San Francisco-based startup Splice Machine, whose database management system is specifically optimized for hybrid clouds, on July 11 announced the availability of its automated application platform on the Microsoft Azure cloud service.
Splice Machine’s Online Predictive Processing Platform (OLPP) is designed to power new-generation predictive analytics applications that run both on premises and in the cloud—or multiple clouds—as needed in production requirements.
Becoming available on the growing Microsoft Azure cloud service gives admins another way to use the data platform while having the independence to deploy on premises, on Amazon Web Services, Azure, or both, the company said.
Using Splice Machine, the company claims, enterprises can develop and deploy smarter predictive applications that integrate integrate fast data streaming, transactional workloads, analytics and machine learning, enabling business transformation at performance and scale.
Using Splice Machine’s cloud service replaces or offloads traditional and cloud-based RDBMS and cloud-based or on-premises data warehouse packages. It can be used on premises with Hadoop clusters, but it masks the complexity of operating those Hadoop analytics deployments, since it handles all the data movement automatically.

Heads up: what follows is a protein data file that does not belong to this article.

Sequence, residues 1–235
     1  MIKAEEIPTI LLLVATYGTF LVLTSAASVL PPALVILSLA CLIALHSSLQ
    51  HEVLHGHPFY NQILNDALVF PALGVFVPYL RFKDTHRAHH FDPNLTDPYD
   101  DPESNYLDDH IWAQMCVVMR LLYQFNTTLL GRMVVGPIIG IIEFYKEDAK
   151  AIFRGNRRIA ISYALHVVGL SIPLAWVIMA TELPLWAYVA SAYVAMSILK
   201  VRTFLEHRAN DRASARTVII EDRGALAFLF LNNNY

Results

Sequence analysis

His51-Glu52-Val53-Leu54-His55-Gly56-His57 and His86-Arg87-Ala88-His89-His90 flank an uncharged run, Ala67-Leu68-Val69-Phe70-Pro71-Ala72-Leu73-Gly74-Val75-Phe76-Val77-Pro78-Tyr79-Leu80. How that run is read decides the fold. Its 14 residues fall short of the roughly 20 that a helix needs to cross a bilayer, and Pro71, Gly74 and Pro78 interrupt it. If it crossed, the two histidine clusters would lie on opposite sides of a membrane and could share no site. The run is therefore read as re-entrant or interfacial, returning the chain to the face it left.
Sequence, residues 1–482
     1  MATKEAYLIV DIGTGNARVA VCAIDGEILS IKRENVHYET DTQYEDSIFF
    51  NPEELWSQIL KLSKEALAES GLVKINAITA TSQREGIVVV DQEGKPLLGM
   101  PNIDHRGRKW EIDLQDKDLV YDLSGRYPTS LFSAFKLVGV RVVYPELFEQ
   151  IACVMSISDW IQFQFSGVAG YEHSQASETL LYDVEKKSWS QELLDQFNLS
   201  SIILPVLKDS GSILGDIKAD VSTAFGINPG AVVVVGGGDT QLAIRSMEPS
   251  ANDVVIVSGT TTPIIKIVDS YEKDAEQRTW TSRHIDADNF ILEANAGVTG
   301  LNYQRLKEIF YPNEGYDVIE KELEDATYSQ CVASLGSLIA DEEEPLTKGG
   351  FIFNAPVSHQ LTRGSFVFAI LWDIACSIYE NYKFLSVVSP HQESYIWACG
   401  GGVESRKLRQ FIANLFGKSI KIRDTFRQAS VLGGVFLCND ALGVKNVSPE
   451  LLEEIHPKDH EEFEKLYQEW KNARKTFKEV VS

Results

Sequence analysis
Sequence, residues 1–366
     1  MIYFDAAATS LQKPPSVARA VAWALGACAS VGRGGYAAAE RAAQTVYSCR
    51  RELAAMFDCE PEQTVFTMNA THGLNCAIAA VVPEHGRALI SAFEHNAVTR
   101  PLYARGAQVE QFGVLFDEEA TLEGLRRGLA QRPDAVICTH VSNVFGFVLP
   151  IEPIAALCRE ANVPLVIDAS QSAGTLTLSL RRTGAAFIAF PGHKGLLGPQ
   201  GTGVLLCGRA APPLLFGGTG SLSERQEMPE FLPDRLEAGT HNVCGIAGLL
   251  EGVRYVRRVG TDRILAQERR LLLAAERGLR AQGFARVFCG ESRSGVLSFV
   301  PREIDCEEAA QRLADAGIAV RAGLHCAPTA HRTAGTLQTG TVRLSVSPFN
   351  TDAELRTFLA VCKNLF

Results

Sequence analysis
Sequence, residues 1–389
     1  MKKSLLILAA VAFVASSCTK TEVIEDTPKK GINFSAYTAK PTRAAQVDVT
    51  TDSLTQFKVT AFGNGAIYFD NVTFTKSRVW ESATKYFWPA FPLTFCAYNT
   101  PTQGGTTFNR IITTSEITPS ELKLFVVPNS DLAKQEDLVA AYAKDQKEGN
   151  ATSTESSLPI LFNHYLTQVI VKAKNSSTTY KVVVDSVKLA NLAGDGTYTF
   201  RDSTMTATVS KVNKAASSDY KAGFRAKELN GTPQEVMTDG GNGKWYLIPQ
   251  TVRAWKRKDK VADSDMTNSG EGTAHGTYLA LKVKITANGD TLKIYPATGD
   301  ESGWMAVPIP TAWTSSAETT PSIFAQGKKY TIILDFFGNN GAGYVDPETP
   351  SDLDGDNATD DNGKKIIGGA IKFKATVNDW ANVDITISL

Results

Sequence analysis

Unlike most data platforms, Splice Machine is a scale-out SQL data platform that can run fast OLTP (online transaction processing) and in-memory OLAP (online analytical processing) on the same platform, along with machine learning and streaming.
Splice Machine also enables companies to migrate on-premises relational database management system (RDBMS) applications at great scale to the cloud as a full ANSI SQL RDBMS and data warehouse in one. Users already are seeing single record lookups and updates in a few milliseconds at petabyte scale, Splice Machine said.
Additionally, Splice Machine’s analytical capabilities enable extreme analytical concurrency, even at billions of records, with standard connectivity to business intelligence tools, such as Tableau and MicroStrategy, the company said.
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